Changes to the rate of wastewater injection in disposal wells may have contributed to conditions that led to last year's Pawnee earthquake in Oklahoma, according to a new report published May 3 as part of a focus section in Seismological Research Letters.
The magnitude 5.8 Pawnee quake, felt widely across Oklahoma, is the largest earthquake recorded in the state since the 1950s. Most Oklahoma earthquakes since 2009 are thought to have been triggered by wastewater produced by oil and gas drilling that has been injected back into the ground. The Pawnee earthquake occurred in a region with active wastewater disposal wells, and is potentially the largest such induced earthquake to have occurred in Oklahoma so far, write University of Oklahoma seismologists Xiaowei Chen and Norimitsu Nakata in their preface to the section.
When Andrew Barbour of the U.S. Geological Survey and colleagues examined new injection data from nearby disposal wells in Osage County, they found a significant increase in injection rates in the years leading up to the Pawnee mainshock. Some wells injected wastewater at a constant rate, while others injected the water at a variable rate. The overall injected volume was roughly the same between these two types of wells.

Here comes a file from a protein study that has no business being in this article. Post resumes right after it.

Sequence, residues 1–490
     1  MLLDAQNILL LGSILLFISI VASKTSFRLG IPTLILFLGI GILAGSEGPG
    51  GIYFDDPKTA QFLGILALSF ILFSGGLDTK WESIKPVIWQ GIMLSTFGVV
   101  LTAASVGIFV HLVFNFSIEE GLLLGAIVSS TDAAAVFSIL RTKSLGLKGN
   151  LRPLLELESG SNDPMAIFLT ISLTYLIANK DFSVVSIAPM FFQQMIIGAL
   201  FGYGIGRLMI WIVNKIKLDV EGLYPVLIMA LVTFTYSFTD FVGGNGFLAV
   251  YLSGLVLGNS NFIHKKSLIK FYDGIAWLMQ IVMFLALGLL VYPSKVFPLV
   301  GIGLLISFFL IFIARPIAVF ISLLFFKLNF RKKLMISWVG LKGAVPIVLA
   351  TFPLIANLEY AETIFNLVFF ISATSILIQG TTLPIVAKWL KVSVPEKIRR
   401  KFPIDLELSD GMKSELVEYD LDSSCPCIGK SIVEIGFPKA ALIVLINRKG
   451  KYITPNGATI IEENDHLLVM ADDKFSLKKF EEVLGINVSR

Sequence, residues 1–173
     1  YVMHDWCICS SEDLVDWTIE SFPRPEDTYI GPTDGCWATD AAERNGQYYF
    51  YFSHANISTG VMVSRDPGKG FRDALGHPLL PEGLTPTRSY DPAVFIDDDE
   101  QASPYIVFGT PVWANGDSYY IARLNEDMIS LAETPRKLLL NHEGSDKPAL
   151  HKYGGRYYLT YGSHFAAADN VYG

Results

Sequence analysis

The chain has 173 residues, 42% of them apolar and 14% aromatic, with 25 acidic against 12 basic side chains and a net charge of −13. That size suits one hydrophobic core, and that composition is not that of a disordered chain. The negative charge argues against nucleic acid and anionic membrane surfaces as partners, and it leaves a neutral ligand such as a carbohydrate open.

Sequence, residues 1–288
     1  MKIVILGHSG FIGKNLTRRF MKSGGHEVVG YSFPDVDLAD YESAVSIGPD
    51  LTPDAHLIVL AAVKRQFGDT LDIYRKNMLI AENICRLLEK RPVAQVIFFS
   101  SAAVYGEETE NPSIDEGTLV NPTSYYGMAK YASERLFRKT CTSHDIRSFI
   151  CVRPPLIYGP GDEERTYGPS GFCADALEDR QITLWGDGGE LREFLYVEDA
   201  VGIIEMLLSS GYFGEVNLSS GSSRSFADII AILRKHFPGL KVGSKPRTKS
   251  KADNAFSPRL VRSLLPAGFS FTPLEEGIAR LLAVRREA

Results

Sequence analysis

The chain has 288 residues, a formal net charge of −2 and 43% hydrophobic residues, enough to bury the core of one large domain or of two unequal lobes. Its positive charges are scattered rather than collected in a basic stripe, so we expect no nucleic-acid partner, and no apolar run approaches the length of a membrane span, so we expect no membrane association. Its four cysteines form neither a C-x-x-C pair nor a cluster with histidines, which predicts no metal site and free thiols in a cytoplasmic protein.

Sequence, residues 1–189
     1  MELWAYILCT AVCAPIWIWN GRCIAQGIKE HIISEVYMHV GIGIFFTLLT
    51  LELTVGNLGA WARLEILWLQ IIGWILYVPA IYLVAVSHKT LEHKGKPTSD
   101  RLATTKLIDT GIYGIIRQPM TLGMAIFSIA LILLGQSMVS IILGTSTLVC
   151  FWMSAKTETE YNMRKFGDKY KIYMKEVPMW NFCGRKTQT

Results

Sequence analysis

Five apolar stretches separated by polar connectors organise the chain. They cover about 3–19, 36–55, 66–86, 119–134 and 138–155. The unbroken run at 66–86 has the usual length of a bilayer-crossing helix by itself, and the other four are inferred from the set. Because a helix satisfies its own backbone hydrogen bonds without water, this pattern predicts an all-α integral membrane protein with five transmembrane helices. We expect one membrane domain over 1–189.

Barbour and colleagues' models of injection indicate, however, that it may have been the variable-rate wells that were most important for the Pawnee event. Their findings suggest that "long-term injection may have been responsible for a gradual loading of the fault to the point where it primed the fault for failure triggered by the short-term high-rate injection..." the authors write. They note that in the absence of these variable rate injections, however, the fault may have still failed at a much later time.
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